PM challenges Tamil leaders on devolution
Prime Minister Ranil Wickremesinghe’s four-day visit to the North last week seemed to have been aimed at the forthcoming Presidential and Parliamentary Elections, in the light of the plethora of large-scale development projects he announced during the tour.
He announced the upgrading of Palali Airport as the third international airport of the country, development of the Kankesanthurai Harbour, construction of a highway connecting Trincomalee, Vavuniya and Mannar and resuming the ferry service to India that was suspended in 1987 with the escalation of ethnic strife.
The reactions of the Tamil politicians, especially those against the Tamil National Alliance (TNA) and thereby the Government to the Prime Minister’s promises are not yet clear.
Their response is important as they sometimes express bizarre views on the development of the North.
Even the moderate R. Sampanthan, the leader of the TNA, during its 14th convention of the Ilankai Thamil Arasu Katchi (ITAK) in Batticaloa in 2012 said:
“We must not fall into the trap of the so-called development being brought about by the Sri Lankan Government. It is a devious trap to undermine the very existence of the Tamil people as a community. It is a death trap.”
Recently another northern Tamil politician had protested against water from Mahaweli projects in the North Central Province being brought to Iranaimadhu Tank in order to supply water to Jaffna from that tank.
He argued that once the Iranaimadhu Tank was connected to Mahaweli projects the tank would be a part of an inter-Provincial water supply project and could thereby come under the Central Government.
Some politicians in Vanni protest against water from the Iranaimadhu Tank being supplied to Jaffna Peninsula on the grounds that it would cause water scarcity in the Vanni during dry seasons.
And they are also against water from Mahaweli Projects being brought to Iranaimadhu Tank and then to be pumped to Jaffna Peninsula on the grounds that the tank would come under the Central Government.
All large-scale projects announced by the Prime Minister in the North last week would come under the Central Government and they would pave the way for the Central Government to enhance its influence in the Northern Province.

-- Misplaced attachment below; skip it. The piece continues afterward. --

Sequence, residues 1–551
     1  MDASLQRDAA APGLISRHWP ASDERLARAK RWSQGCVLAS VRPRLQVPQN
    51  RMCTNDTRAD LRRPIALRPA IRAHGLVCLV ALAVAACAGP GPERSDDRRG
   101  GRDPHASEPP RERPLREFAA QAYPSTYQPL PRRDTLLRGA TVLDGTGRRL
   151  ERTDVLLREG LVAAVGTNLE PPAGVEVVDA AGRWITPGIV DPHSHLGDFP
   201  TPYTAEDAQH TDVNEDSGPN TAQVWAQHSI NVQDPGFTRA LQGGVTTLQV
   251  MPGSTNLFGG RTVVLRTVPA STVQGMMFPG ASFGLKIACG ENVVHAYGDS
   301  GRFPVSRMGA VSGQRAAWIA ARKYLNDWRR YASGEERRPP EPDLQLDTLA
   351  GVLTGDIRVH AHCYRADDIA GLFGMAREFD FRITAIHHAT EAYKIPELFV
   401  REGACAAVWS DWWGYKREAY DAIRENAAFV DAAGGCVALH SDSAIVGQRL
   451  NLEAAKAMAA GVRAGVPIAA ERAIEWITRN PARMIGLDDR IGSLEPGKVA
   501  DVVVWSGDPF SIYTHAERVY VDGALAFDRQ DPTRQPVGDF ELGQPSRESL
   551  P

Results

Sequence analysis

While announcing such projects Mr. Wickremesinghe had also expressed his views on the devolution of power and the war-time human rights issues, which could have been highly controversial, especially in the North.
However, only one out of the two issues – The human rights issue- has opened a can of worms among the Tamil politicians and Tamil media. Reminding the South African reconciliation initiative, the Prime Minister told in Kilinochchi, the one-time administrative Capital of the LTTE, that all concerned should forgive and forget the past. Though he did not specifically mention the human rights issue, which is haunting Sri Lanka since 2012 when the UN Human Rights Council regular sessions were convened in Geneva, what he wanted to forgive and forget was obvious.
"One could even interpret his remarks on devolution as his aversion towards devolving more powers to the periphery, the Provincial Councils."
Thus, the Tamil leaders including those of the TNA are criticizing him now.
However, in spite of the Premier’s remarks on the devolution having run counter to the common stance of the Tamil leaders, nobody seems to have taken it seriously.
He said there was no point in devolving more powers if the powers already devolved were unused.
He has expressed this view at a time when the Tamil leaders had been demanding more powers for the past three decades.
One could even interpret his remarks on devolution as his aversion towards devolving more powers to the periphery, the provincial councils.
In fact, in the light of the 31-year history of Provincial Councils in Sri Lanka Mr Wickremesinghe’s stand on devolution seems to be pertinent.
Though the new building complex for the Western Provincial Council in Battaramulla has cost the public coffers a staggering Rs. 17 billion, one cannot pinpoint a single worthwhile development project implemented by the said council or any of the other eight councils.